Beth Rickers is the veteran in the newspaper staff with 25 years as the Daily Globe's Features Editor. Interests include cooking, traveling and beer tasting and making with her home-brewing husband, Bryan. She writes an Area Voices blog called Lagniappe, which is a Creole term that means "a little something extra." It can be found at http://lagniappe.areavoices.com/.
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FULDA -- The term "commercial fisherman" conjures up images of well-weathered guys wearing yellow slickers on the Eastern seaboard or perhaps a scene from the Discovery Channel's popular "Deadliest Catch" series, filmed in Alaska. It's not an occupation associated with the prairies of the Upper Midwest. But for 40 years, southwest Minnesota has boasted its very own commercial fisherman -- Jim Larson of Fulda.
WORTHINGTON -- Dr. Bassel Bardan, a pediatrician with Avera Worthington Specialty Clinics, was named the Doctor of the Year during the sixth annual Doctor's Day celebration Thursday at Worthington Regional Hospital. The criteria for the award spell out DOCTOR: Develops relationships: Offers leadership and availability; Communicates well; Treats skillfully and compassionately; Observes policies; Respects staff. Bardan has practiced in Worthington for almost 11 years. He and his wife, Monika, live in Worthington and have one son, Nazir, 16.
The Easter Bunny arrived early Saturday morning -- in the guise of dozens of Optimist Club volunteers -- at Worthington's Prairie Elementary School. Beginning at 7 a.m., the club members began their tasks of burying more than 7,000 candy filled eggs in mounds of shredded paper arranged on the gym floor. When the doors opened at 9:45 a.m., the scene was set for an Easter egg hunt of grand proportions. About 500 children, accompanied by parents and sometimes grandparents, filed into the school, where they were handed numbered tickets.
Having been recently hospitalized herself, JoAnn Nyholm has firsthand knowledge of the level of care provided at Worthington Regional Hospital. "It just reaffirms to me how comforting it is to be close to home and have caregivers who want to provide the best care possible," reflected Nyholm, who was recently treated for an infection at WRH. As the director of nursing at WRH for the last seven years, Nyholm has played a key role in maintaining that system of care.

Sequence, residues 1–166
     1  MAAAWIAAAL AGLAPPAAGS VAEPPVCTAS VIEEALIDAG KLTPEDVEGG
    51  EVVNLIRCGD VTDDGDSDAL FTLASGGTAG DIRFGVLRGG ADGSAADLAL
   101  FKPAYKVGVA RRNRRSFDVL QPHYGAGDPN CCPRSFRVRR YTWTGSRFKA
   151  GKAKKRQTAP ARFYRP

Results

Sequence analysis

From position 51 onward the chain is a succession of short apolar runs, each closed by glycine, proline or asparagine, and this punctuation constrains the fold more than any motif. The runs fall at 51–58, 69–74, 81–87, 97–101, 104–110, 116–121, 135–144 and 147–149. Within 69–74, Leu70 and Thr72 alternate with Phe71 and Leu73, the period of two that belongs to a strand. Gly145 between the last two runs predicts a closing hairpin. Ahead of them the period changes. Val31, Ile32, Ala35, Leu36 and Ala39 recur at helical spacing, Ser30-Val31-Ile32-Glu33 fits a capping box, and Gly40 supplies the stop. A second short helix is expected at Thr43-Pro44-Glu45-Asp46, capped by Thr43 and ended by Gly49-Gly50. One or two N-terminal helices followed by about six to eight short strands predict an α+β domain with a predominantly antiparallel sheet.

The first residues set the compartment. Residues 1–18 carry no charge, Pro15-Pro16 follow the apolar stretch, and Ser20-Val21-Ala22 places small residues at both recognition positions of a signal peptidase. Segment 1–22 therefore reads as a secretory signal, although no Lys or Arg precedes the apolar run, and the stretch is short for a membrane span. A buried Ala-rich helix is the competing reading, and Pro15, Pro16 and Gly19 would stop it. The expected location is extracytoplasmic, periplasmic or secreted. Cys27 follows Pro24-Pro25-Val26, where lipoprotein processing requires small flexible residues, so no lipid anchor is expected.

WORTHINGTON -- Go to youtube.com, the Internet video-sharing site, and type the name Richard Lupkes in the search box. Up will pop two videos, each featuring a match during the 1988 World Arm Wrestling Championships in Sweden. Both film clips show Lupkes in action, deftly defeating each opponent in a split second. Twenty years ago, Rich was in the heyday of his arm-wrestling career.
WORTHINGTON -- Today is Maundy Thursday; tomorrow is Good Friday; and Sunday is Easter Sunday. Christians who attend church regularly are certainly familiar with those terms, but where do those unique names comes from and what do they mean? Maundy Thursday commemorates the Last Supper of Jesus and his disciples. The word "Maundy" is derived from the Latin mandate meaning "command," a reference to Christ's commandment to love one another, made at the Last Supper (the day before the crucifixion) when Jesus washed the disciples' feet.
WORTHINGTON -- For 59 years, members of the Worthington Garden Club have gathered -- winter, spring, summer and fall -- to share a common passion for working the soil.
WORTHINGTON -- I'm pretty sure there's not a drop of Irish blood in my body, although genealogical research by some distant relative has turned up a Scottish laird on the family tree on my mother's side, disabusing the notion that I am one-fourth English. So maybe there's an Irishman lurking back there, too. Nevertheless, I've always been willing to be Irish for a day, wear green and hoist a pint of green ale to St. Patrick. But this year, there seems to be some confusion as to what date the "wearin' of the green" and "drinkin' of the green" should take place. St.
WORTHINGTON -- It was the fall of 1974, and Keith Towne was prepared to sign a contract to practice medicine in Red Wing. But a trip to visit his grandmothers -- and interview in Worthington to justify the trip to southwest Minnesota -- changed his mind. "Both my grandmothers lived in Garvin, and I wanted to visit, but I was dirt poor at the time, and it was a way for somebody else to pay for the trip," he said of his initial visit.
WORTHINGTON -- In the midst of talking about World Vision, a Christian relief organization he supports as part of his ministry, Jason Gray throws in this little tidbit about one of his lesser-known talents. "I can blow balloons up with my nose," he said. "It comes in handy at camp. You get a lot of respect if you can blow balloons up with your nose." In fact, on his Web site Gray claims to be able to blow up two balloons at a time with his nose. Impressive as that may be, Gray's true talent is in sharing his faith through words and music as a Christian singer-songwriter.